Parivar Science

While the purported aim of the government is reform that is couched in the language of cultural nationalism and notions of superiority, some of the recent pronouncements on stem cell research or plastic surgery from none other than the Prime Minister himself are disturbing. There are textbooks prescribed in government schools in Gujarat which state that an Indian surgeon who has a United States patent on stem cell research was inspired by the Mahabharata. Tejomay Bharat, a textbook published by the Gujarat State School Textbook Board, is taught in schools. It claims that the aborted flesh from Gandhari (the mother of the 100 Kaurava princes) was preserved by Rishi Dwaipayan Vyas in a cold tank. The mass of flesh was divided into one hundred parts and kept separately in a hundred tanks full of clarified butter (ghee). After two years, one hundred Kauravas were born from it. The book also mentions that television was invented by Indians and that the seers possessed divya drishti, or divine vision, with which the battle of Kurukshetra was telecast to the blind king Dhritarashtra.

The book is prescribed as supplementary reading in Gujarat schools. It has chapters such as Adhyatmik Bharat (spiritual India), Akhand Bharat (undivided India), Vigyanmay Bharat (scientific India), and Samarth Bharat (competent India). The book’s advisors are associated with the Vidya Bharati, the educational chain controlled by the RSS. But this is not all. Modi, at a meeting in Mumbai, dwelt on India’s historical role in medical science. Citing the mythical replacement of Ganesha’s head with that of an elephant, he said plastic surgery was known and practised in ancient India. Former Uttarakhand Chief Minister and now BJP Member of Parliament, Ramesh Pokhriyal, echoed the Prime Minister’s views on plastic surgery and even added that an ancient sage had conducted a nuclear test.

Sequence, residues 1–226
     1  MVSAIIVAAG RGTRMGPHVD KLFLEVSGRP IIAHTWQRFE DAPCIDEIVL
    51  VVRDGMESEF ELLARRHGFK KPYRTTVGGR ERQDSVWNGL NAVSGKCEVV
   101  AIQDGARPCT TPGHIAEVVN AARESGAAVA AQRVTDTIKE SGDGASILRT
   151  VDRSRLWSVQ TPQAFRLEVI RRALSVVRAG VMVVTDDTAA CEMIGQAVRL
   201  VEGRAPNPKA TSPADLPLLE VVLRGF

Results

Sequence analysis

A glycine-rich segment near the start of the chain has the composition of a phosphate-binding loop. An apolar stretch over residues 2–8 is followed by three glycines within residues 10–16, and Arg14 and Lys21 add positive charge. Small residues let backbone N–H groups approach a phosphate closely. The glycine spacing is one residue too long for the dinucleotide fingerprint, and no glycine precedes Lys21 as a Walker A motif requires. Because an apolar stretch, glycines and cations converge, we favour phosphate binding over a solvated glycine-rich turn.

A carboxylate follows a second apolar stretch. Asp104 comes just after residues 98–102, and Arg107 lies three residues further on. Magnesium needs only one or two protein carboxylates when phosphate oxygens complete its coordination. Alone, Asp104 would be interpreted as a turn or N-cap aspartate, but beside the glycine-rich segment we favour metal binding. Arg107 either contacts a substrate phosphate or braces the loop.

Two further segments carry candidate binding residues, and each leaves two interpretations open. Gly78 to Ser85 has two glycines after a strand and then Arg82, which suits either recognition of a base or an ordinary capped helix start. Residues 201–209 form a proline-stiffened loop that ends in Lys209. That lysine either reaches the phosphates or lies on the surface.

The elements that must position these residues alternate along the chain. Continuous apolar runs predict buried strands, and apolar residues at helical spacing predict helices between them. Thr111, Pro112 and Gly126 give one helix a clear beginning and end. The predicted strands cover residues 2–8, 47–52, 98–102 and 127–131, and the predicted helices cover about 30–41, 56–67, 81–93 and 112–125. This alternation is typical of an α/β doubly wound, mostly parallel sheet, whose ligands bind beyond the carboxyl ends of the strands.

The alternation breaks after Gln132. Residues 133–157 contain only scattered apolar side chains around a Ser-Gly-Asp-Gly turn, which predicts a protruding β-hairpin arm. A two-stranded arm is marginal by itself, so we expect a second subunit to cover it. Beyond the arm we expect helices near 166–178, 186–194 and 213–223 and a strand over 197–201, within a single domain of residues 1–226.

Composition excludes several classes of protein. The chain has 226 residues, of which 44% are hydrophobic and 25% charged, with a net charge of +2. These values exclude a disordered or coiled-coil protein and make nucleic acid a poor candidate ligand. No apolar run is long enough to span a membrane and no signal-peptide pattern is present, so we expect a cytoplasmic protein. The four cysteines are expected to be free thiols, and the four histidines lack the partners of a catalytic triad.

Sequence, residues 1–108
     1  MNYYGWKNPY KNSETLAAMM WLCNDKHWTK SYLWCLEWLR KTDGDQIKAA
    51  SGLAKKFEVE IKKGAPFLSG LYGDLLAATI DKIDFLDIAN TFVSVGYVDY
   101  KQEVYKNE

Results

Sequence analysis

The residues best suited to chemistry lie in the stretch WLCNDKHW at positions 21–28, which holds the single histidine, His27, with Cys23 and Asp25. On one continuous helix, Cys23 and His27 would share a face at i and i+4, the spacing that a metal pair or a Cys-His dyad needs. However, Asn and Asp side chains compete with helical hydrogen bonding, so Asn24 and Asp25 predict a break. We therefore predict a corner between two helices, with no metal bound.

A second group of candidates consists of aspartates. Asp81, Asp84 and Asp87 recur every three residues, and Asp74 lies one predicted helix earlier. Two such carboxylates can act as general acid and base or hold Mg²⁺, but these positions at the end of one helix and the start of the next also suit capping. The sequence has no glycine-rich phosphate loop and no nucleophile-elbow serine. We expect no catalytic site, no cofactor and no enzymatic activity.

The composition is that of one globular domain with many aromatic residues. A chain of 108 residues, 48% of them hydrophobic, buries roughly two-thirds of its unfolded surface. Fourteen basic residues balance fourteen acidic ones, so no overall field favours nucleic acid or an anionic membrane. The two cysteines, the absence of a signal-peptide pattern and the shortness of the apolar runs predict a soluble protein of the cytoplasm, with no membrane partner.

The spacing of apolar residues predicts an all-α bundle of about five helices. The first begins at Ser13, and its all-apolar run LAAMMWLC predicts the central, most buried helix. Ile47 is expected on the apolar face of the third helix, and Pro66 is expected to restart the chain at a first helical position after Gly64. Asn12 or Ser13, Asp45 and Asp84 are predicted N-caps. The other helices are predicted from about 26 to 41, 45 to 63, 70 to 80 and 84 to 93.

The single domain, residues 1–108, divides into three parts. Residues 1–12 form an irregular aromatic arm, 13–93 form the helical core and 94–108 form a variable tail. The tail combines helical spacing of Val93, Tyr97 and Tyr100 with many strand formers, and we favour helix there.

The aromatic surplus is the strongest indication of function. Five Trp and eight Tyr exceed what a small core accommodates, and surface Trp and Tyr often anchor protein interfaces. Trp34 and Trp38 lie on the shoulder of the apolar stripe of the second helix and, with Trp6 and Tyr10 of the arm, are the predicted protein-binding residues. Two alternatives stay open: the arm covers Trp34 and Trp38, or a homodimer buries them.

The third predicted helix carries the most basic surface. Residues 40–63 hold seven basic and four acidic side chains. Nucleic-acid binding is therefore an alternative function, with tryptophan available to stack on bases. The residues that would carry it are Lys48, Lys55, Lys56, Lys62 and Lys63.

Several years ago, a similar assertion had been made by former RSS chief Rajju Bhaiya that people in India had produced nuclear weapons and that there was an NPT (nuclear non-proliferation treaty) in place. “When Bal Gangadhar Tilak wrote that there was some evidence of the Aryans having originated in the Arctic, this could not be refuted as after all Tilak was a Brahmin with deep learning. Instead, Golwalkar, in his A Bunch of Thoughts, wrote that Tilak was not wrong but that the Arctic was a part of India. If an entire continent can be shifted, transplanting a head is nothing compared to that,” Arjun Dev quipped.

The attempts to project Aryans as indigenous by describing the unicorn on the Harappan seals as a horse having been exposed, the need for newer myths, however preposterous they might sound, is understandable. In a larger context, if the genesis can be about the Big Bang and Mona Lisa can be an Indian sketch, as a spoof in a comedy serial showed, tales of mythical decapitation and “head replacement surgery” can certainly qualify as plastic surgery.

Reforming education and educational institutions is definitely high on the agenda of this government as the battle is one of ideas. The question is whether these ideas inculcate a scientific temper based on principles of tolerance or spawn obscurantism and bigotry. At the moment, the trends indicate the latter.